Repairing a Window Screen

This project shows how easy it is to replace a damaged or scratched window screen. The same technique can be used for most modern windows with vinyl or aluminum frames including screen doors.

Total Time: Ten Minutes


  • 1 Roll screen wire ($7.00)
  • 1 Pack screen spline ($4.00)
  • 1 spline roller ($3.00)
  • 1 utility knife ($3.00)

You can find the screen wire, spline, and spline roller at any hardware store. Usually you will end up with enough for several screen replacements.

Sometimes you can reuse the spline from the existing window and save the expense of buying replacement spline.

I bought "pet proof" screen wire since I didn't want the cats to scratch it again immediately and it seems to work.


  1. Remove the damaged screen from the window. Usually there are springs on one end, opposite the little black handle. Pull the handle to compress the screens and the window will pop out a little.
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  3. Remove the damaged screen wire material by pulling the spline out of the frame. Tug carefully so you don't bend the frame.
  4. Lay the screen frame on top of your replacement screen.
  5. Cut out the replacement screen roughly, about an inch bigger than the frame all the way around.
  6. Lay the replacement screen wire material over the frame with the spline channel facing up.
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  8. Starting at one corner lay the replacement spline in the channel and use the spline roller to push the spline firmly down into the channel. This will sandwich the replacement screen wire down into the channel holding it securely.
  9. Work your way all the way around the screen pushing the spline in firmly. The screen will gradually tighten as you go. Make sure you get the spline into the corners securely. This sometimes requires using a pencil to poke the spline down into the corner.
  10. Now cut off the excess screen wire material using the utility knife. Cut just above the spline, but be careful not to nick the spline or the screen in the center of the frame.
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  12. After cutting all the way around the frame, cut the end of the spline material and make sure it is securely in the channel all the way around.
  13. The finished frame can now be re-installed in the window.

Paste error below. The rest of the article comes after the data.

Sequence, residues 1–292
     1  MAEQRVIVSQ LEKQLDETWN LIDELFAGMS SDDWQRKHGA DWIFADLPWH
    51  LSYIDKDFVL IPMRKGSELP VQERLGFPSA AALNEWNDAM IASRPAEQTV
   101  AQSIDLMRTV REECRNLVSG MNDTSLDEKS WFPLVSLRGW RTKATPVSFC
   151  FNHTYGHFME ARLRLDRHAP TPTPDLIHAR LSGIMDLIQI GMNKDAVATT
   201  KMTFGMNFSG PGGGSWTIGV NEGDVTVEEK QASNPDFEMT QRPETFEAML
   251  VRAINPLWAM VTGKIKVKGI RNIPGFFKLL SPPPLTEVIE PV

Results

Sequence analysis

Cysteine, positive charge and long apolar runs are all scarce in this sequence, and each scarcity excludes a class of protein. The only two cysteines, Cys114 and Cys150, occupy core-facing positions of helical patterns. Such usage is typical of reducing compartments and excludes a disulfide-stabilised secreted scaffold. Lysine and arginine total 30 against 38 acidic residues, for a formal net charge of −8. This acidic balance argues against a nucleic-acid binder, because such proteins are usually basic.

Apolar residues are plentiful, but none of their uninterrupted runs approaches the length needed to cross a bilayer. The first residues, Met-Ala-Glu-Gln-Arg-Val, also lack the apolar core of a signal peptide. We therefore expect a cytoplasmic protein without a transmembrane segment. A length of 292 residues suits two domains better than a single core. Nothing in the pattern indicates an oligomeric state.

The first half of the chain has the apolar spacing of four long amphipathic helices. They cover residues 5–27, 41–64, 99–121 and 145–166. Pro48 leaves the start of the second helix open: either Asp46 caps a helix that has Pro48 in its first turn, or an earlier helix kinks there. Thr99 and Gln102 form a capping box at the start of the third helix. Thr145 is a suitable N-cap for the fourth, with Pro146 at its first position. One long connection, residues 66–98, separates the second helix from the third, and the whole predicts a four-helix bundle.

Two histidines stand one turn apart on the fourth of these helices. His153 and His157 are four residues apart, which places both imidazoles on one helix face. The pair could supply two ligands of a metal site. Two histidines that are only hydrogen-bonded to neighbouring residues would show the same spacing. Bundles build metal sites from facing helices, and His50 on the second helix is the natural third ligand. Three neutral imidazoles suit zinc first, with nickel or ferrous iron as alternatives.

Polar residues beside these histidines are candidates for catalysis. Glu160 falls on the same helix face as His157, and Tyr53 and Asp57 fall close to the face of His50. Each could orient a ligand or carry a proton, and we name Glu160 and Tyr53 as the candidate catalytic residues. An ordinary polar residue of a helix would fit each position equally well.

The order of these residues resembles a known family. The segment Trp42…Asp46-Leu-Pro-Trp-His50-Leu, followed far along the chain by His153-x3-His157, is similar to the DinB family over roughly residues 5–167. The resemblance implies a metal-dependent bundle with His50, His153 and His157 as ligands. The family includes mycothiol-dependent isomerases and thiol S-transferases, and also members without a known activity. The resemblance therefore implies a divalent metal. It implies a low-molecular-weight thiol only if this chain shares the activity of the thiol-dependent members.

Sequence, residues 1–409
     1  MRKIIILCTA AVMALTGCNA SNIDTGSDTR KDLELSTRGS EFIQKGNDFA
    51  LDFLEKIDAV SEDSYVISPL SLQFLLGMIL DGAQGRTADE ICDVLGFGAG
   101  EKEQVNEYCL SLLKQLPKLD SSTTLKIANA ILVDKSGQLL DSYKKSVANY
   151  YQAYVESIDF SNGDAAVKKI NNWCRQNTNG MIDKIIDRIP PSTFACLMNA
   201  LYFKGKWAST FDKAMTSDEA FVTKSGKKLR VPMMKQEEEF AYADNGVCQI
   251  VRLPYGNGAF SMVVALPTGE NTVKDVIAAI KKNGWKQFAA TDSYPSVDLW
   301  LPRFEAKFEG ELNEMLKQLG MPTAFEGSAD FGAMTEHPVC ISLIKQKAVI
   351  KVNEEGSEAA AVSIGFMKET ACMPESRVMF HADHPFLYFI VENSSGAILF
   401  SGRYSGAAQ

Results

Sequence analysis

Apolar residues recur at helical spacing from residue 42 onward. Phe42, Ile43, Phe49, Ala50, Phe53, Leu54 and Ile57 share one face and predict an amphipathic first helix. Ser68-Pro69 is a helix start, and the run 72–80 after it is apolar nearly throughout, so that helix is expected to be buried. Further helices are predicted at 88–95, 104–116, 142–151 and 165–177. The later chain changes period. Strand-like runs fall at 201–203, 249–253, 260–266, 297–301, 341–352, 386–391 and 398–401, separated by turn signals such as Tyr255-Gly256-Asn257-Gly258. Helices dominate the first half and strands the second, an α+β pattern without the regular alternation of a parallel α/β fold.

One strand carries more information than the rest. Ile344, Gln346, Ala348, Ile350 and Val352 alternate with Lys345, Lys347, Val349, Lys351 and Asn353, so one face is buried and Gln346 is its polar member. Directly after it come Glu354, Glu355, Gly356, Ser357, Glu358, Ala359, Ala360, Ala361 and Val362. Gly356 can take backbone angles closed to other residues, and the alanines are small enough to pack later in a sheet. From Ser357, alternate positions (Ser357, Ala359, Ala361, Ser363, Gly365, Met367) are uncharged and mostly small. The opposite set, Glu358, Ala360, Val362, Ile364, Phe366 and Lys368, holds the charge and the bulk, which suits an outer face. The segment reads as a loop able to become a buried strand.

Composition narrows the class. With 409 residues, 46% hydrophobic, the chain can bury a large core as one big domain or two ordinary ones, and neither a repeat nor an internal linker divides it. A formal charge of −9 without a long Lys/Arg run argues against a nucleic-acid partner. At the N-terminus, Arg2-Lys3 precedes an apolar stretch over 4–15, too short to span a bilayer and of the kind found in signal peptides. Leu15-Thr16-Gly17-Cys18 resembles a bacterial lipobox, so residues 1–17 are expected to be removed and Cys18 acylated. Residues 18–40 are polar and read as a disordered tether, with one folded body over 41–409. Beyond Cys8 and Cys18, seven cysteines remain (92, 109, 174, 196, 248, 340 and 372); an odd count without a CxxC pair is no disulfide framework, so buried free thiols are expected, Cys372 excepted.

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May 22, 2014

Fixing a damaged window screen is simple. Check out this short video and learn what tools you need to fix a broken screen.

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7 More Solutions

Share on ThriftyFunThis page contains the following solutions. Have something to add? Please share your solution!

If you have a hole in your screen and need a quick fix, try this. Cut two pieces of tape a bit larger than the hole. Put one piece outside and one inside. The sticky sides should be facing each other.


Works well at keeping flies out. You can get all different types of duct tape. Get one that is closest to the color of your screen.

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November 22, 2004

I learned this tip or hint out of desperation. We live in an old house and it has old screens that have developed holes. I tried cotton balls and duct tape but they didn't stay on for long.

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November 2, 2005

If you have a hole in a screen door or window screen, you can mend it just like you mend a piece of clothing. Just stitch the hole shut using fine nylon thread or wire that matches the color of the screen.

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April 16, 2005

Sew tears in a screen with clear nylon thread or dental floss.

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December 12, 2004

Repair a small hole in a window screen with a dab of clear nail polish. By June S.

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Ask a QuestionHere are the questions asked by community members. Read on to see the answers provided by the ThriftyFun community or ask a new question.

My screens in my windows do not fit properly. Our electric bills are supposed to double by the summer. I wont be able to use my air conditioner so I have to get my windows fixed. So far, I have put weather stripping in the cracks and I have also caulked them. To me, it looks like the screens weren't made for these windows. When I bought the condominium I had the screens re-screened because they had holes in them. Any suggestions of what i can do to make them fit better?


Thank you,
Sandy from Baltimore, MD


By karna (Guest Post)
May 25, 20060 found this helpful

I had this problem, the man who put in the new screens said they were bent so badly (even tho it didn't look like it) that we needed new ones....and the slider screens were just put in upside down! :)

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